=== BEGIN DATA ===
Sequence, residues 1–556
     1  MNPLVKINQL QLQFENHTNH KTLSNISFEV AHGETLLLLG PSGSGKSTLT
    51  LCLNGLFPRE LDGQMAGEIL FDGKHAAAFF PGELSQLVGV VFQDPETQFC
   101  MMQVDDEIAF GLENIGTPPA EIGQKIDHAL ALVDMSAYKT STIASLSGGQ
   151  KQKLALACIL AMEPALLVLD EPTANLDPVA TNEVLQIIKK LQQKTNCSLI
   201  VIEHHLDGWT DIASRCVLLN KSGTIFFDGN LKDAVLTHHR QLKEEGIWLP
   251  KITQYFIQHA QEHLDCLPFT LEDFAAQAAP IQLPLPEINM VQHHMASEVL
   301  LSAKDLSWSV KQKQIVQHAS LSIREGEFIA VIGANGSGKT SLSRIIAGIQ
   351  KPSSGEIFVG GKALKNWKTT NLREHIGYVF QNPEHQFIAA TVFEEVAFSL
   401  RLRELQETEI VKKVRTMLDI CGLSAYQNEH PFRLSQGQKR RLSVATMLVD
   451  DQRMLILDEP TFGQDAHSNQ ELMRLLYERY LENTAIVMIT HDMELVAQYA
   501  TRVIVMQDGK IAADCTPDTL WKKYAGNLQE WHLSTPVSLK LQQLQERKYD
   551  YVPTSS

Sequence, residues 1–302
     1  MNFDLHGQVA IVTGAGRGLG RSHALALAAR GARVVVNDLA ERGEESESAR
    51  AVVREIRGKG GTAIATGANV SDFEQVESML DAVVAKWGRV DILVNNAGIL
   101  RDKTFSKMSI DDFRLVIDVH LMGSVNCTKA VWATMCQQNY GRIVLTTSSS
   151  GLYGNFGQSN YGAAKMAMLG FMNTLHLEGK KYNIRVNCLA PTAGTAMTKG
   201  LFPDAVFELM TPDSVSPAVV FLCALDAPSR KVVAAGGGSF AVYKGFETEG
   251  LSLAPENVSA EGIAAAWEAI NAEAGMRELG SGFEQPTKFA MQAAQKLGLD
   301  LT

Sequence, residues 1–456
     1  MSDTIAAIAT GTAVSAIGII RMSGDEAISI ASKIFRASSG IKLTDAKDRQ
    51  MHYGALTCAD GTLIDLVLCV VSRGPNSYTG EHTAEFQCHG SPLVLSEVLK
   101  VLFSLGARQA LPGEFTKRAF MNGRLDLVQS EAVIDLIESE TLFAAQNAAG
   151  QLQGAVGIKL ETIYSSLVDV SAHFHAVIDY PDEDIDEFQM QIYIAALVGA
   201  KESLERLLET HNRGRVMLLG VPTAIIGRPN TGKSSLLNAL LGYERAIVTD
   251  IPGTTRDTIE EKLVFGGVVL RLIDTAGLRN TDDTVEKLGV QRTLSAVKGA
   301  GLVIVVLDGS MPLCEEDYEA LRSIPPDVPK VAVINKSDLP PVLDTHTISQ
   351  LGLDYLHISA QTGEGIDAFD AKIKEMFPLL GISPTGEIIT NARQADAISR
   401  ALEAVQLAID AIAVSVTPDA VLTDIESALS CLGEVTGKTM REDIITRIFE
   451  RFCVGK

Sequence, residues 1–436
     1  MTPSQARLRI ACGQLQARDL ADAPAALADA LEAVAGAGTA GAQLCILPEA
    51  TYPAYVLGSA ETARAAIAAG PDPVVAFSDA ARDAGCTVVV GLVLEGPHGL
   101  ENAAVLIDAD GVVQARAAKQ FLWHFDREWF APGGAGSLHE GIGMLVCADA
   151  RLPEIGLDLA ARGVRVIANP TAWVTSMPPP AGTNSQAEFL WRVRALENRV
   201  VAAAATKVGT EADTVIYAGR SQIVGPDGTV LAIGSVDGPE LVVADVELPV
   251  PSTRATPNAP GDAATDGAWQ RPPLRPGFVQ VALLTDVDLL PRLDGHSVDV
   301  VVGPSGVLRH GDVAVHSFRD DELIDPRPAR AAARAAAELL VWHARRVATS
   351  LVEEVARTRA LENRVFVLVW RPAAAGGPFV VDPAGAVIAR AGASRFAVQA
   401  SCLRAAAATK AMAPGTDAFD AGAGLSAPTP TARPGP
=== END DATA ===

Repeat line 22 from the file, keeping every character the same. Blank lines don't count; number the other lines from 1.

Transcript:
Sequence, residues 1–456